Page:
Gaza airstrikes continue, UK’s reopening plans, $26 million laundry

An Israeli soldier walks next to a military vehicle along the Israeli border with Gaza.
An Israeli soldier walks next to a military vehicle along the Israeli border with Gaza.
Image: REUTERS/Baz Ratner

Good morning, Quartz readers!

Here’s what you need to know

Israeli airstrikes killed 43 Palestinians. The attacks, which came as Hamas launched more than 100 rockets at Israel, made Sunday the deadliest day in the most recent flare-up of violence.

Masks are still necessary for the unvaccinated. Dr. Rochelle Walensky, director of the US Centers for Disease Control, clarified after recent guidelines for vaccinated Americans allowed for maskless shopping and indoor dining.

A massive media deal is brewing. AT&T, the owner of WarnerMedia and HBO, is in talks with Discovery about combining their assets.

The UK sets a deadline. The nation will decide on whether to ease lockdown measures June 14.

A cyclone is headed for southern India. Days after tornadoes claimed 12 lives in Wuhan, China, a 140 mile-per-hour cyclone has already caused heavy rains and flooding along the Arabian Sea coast, killing six.

Dutarte warned China that he won’t retreat. The president of the Philippines says he won’t withdraw ships in disputed waters, even on threat of death.

Amazon is focused on India. The tech giant is launching MiniTV, a free streaming service targeting viewers of a similar offering from Flipkart.

What to watch for

While Brits are eagerly awaiting their departures to overseas travel destinations and their first trips to crowded pubs in more than a year, a Covid-19 variant that’s wreaking havoc on India is spreading throughout the UK, with plenty of cause for concern.

Health Secretary Matt Hancock told reporters that the B.1.617.2 variant is more transmissible than the U.K.’s main strain and “it is likely it will become the dominant variant.” Cases of the variant have doubled in the UK over the last week, though infections and deaths continue to trend downward.

While prime minister Boris Johnson’s decision to ramp up vaccinations to combat the variant eased some concerns, a delayed reopening this week does more than dash the hopes of shoppers and diners: it throws the effort to enter the final reopening phase by June into serious doubt.

“This isn’t over yet,” Hancock said to the BBC. “The virus has just gained a bit of pace and we’ve therefore all got to be that bit much more careful and cautious.”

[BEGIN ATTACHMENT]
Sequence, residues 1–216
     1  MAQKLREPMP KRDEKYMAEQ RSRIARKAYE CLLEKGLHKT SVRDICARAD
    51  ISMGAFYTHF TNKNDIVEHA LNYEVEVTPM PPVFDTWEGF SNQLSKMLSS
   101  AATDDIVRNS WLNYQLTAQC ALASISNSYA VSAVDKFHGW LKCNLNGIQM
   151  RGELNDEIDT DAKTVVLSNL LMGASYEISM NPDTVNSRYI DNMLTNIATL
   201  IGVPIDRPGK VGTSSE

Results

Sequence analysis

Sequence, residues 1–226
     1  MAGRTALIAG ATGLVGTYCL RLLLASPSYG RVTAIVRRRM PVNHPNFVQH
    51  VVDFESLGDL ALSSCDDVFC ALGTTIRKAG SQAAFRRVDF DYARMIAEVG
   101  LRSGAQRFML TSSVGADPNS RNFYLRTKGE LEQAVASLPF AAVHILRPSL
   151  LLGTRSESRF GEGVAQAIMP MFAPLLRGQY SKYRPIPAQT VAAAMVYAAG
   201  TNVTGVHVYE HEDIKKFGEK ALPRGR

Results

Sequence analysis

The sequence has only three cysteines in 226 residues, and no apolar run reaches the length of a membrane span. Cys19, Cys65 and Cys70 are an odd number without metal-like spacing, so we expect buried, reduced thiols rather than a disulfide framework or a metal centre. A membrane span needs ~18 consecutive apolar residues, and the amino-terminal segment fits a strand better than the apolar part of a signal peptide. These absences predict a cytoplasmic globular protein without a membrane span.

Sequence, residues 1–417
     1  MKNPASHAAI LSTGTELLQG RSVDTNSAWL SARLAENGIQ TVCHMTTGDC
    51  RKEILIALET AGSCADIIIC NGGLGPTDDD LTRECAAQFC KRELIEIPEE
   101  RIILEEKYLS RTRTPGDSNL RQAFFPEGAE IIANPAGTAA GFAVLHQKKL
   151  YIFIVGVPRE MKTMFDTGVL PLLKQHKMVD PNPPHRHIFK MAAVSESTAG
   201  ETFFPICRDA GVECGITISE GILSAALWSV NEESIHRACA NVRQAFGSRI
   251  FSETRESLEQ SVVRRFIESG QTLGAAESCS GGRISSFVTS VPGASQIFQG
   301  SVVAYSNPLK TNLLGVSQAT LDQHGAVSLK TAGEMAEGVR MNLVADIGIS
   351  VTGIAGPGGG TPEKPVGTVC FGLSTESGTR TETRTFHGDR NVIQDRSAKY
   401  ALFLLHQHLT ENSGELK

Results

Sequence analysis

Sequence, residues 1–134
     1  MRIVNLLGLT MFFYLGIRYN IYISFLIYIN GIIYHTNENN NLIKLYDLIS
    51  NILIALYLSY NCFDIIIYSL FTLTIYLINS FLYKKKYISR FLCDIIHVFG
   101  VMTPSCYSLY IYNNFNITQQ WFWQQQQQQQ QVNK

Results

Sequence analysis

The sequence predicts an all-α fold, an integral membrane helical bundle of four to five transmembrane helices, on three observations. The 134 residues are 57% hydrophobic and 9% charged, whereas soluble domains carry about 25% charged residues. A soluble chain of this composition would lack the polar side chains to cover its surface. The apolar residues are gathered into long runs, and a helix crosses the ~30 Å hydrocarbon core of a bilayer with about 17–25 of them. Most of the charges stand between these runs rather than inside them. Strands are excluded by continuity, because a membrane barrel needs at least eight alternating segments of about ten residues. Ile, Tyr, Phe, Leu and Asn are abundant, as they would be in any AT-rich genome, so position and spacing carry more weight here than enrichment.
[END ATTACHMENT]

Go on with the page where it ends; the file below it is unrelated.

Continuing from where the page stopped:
Charting post-pandemic in-person shopping

The pandemic accelerated and likely solidified consumers’ adoption of e-commerce. While companies with robust e-commerce platforms like Amazon and Walmart have the revenue to show for it, a number of retailers without a strong online presence are doubling down on their brick-and-mortar strategies.

Top 20 2021 US store openings by retailer

Many of these discount retailers have inventory and pricing strategies that makes a move online impractical, and they’re betting on in-person shopping for the foreseeable future.

Stores are here to stay

Chrome-like illustration of business with geo-tag icon on top of it
Image: Illustration by Vasya Kolotusha

Experts believe a lot of the digital shopping habits consumers picked up during the pandemic are here to stay, even if e-commerce sales moderate some as life eventually returns to normal.

UBS, an investment bank, predicts roughly 80,000 stores could close by 2026 in the US alone as online shopping grows even more common. It’s the beginning of the end for brick-and-mortar shops, right?

Well, no. Even in the midst of a pandemic, consumers in the US and UK have been making the majority of their purchases in stores. The reality is, stores aren’t going away. As virtual as our lives have become, we’re still physical bodies operating in physical spaces. But there’s no doubt the way companies use stores is changing as technology alters the way we buy things.

✦  Few areas of business are changing more than retail. Try a Quartz membership during Retail Week and enjoy a discount on our field guides and news coverage. Try membership free for a week, and use the code RETAILWEEK for 40% off!

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Surprising discoveries

Houston police found the loose tiger. India, owned by Victor and Georgia Cuevas, was surrendered to police Saturday.

Historic bookstores in Paris are struggling. In a city where independent literature has long flourished, many are worried about the impact of the pandemic on these essential businesses.

Cloudflare knows we’re tired of CAPTCHAs. The company that connects users to websites has a new security key that saves time and headaches, but it won’t phase those pesky alphanumerics out for a while.

A California woman washed her $26 million lottery ticket. Despite video evidence that proves her purchase, her prize might go to local public schools.

Change is coming to the Suez Canal. The Suez Canal Authority will deepen the body by 10 feet and widen it by 131 feet to prevent future ships from disrupting international commerce.

Our best wishes for a productive day. Please send any news, comments, security keys, and UK travel agents to Get the most out of Quartz by downloading our iOS app and becoming a member. Today’s Daily Brief was brought to you by Alexandra Ossola, Marc Bain, Oliver Staley, and Jordan Lebeau.